Seasonal Changes
at PAWS' Sanctuaries
Fall is in the air at PAWS' sanctuaries. Recent rains have already begun to rejuvenate the landscape, and new green grasses are sprouting up everywhere. Each animal at PAWS responds to the arrival of fall in his or her own unique way, and all seem to enjoy this time of year.

Nicholas plays with fallen tree branches.
Elephants love the cooler, wetter weather and the brisk air seems to add a jaunty bounce to their steps. Asian bull elephants Nicholas and Prince have a burst of new energy, and are often seen playing with logs and fallen tree branches - tossing them into the air, dragging them around, and even playfully balancing them on their heads and backs. Rain is most welcome, as it brings one of the elephants' favorite things: mud! African elephants Lulu, Maggie, Mara, Thika, and Toka take great pleasure in getting down and wiggling in the mud. Asian elephant Gypsy also delights in a good mud bath, and grazing on the fresh shoots of grass. 

Mookie enjoys a fall pumpkin.
After a summer spent lounging in the shade, the tigers also seem to have renewed energy in cooler weather. Rolling on their backs in the grass, pouncing on piles of fallen leaves, and frisky play sessions are favorite activities. When fresh pumpkins are available, the tigers love biting into them and carrying them around before tearing them into pieces. Even African lioness Camba (pictured above) gets into playing with pumpkins.
Our nine black bears respond most dramatically to the onset of fall. Even though they do not truly hibernate, the bears prepare for winter by increasing their food intake. Their appetites almost double this time of year as they seek to consume enough calories to put on the body fat that will sustain them through the winter months when they will spend most of their time napping.

Jack forages for acorns in his habitat.
The bear habitats at PAWS' ARK 2000 sanctuary are located within an oak forest that produces abundant acorns every fall - a natural, high-energy food source for wild bears. Even captive born bears who never lived in the wild quickly learn to shake the oak trees to make the acorns rain down onto the ground. Arthur and Mack, two black bears who live at our Galt sanctuary, receive fallen oak branches and acorns collected at ARK 2000 especially for them.
We are thankful to you, our friends, who make PAWS' sanctuaries and the work we do possible. Your donations provide the animals in our care with spacious, natural habitats in which they can choose where and how to spend their time - engaging in behaviors that are not only natural to their species, but important to them and their overall well-being.

Scimitar-horned oryx living at PAWS' Amanda Blake Memorial Wildlife
Refuge enjoy munching on tender new grass.

Boo Boo rolls in the leaves in his habitat at ARK 2000.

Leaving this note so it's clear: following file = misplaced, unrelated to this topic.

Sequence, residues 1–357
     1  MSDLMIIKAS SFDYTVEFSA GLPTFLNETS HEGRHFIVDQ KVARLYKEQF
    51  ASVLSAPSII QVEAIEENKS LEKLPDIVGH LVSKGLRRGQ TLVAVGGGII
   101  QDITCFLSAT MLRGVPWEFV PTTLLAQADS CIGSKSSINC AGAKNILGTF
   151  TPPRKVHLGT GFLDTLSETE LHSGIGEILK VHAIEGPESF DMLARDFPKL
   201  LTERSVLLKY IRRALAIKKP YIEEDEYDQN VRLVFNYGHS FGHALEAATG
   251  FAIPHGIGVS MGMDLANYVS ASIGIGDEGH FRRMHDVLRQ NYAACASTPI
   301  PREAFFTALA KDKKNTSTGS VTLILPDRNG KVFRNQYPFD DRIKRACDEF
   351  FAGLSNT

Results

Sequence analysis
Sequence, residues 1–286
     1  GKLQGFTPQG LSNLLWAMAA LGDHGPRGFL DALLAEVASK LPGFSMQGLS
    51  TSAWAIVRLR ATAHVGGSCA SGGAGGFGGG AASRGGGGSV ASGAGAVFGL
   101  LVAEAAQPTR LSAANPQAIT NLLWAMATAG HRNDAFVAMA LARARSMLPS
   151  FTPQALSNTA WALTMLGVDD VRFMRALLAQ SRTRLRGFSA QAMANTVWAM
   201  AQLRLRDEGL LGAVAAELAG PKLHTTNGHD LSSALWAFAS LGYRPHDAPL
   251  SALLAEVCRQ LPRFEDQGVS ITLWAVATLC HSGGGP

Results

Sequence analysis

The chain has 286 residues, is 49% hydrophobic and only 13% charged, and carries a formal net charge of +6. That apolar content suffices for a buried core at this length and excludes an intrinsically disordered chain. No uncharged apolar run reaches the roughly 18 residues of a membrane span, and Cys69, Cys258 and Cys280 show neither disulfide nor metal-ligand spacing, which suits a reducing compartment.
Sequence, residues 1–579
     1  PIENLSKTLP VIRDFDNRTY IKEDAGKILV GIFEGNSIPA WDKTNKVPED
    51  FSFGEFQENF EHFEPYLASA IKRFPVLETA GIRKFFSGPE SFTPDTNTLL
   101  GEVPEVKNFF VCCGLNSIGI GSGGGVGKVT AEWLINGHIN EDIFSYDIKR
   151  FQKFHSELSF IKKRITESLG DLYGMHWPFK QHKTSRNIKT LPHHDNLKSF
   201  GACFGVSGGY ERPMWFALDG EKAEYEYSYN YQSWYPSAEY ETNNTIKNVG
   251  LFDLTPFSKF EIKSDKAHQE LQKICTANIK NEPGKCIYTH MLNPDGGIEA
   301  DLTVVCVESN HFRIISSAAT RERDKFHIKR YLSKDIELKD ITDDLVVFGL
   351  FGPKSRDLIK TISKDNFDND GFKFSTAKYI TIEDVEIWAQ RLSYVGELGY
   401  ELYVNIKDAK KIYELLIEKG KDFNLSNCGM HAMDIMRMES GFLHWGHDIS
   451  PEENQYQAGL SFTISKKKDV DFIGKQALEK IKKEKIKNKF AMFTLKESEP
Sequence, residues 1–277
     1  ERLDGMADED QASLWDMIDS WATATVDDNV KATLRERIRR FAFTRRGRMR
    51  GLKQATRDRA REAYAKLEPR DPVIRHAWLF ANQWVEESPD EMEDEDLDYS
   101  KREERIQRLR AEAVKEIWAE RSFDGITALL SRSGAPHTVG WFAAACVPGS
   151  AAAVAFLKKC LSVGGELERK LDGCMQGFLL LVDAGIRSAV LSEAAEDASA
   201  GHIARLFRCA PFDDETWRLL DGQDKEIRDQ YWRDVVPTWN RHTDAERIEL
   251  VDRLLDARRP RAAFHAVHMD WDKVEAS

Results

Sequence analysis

If you would like to help one of our animals,
consider becoming an "adoptive parent" or giving a PAWS adoption as a gift to an animal lover in your life. Hint: It's the perfect gift for that person who "has everything!"

Click here for more information.

Winston the Tiger Passes Away
PAWS is sad to report that Winston the tiger has passed away. He was one of 39 tigers rescued by PAWS more than 12 years ago from conditions of severe abuse and neglect at a facility called Tiger Rescue in Colton, California. The defunct, pseudo-sanctuary was raided and shut down by authorities, and the task of finding homes for 54 big cats began. This was the single largest rescue of tigers ever to have occurred in the U.S., and involved the heroic and monumental efforts of many organizations and individuals to successfully and safely bring 39 needy tigers to their permanent home at our ARK 2000 sanctuary in San Andreas, California. Click here to read about the rescue. Watch the documentary, "39 Tigers" below.

39 Tigers: The story of the largest tiger rescue in U.S. history.
39 Tigers: The story of the largest
tiger rescue in U.S. history.
Winston is remembered as a gentle soul, who was never aggressive towards people or other tigers. He was calm and affectionate with his close tiger friend Claude for many years, the two of them either playing or sleeping close together. Winston's neighbor Sunita, an older and much smaller female tiger, seemed to have a crush on him and would attentively groom his fur through the fence that separated their habitats. After Claude and Sunita passed away, Winston became friendly with his new neighbor Jake, and the two tigers would often run side by side up and down the hills of their oak forested habitat. Just as often, Winston could be seen stretched out, sound asleep on his favorite perch or in a comfortable spot under a tree.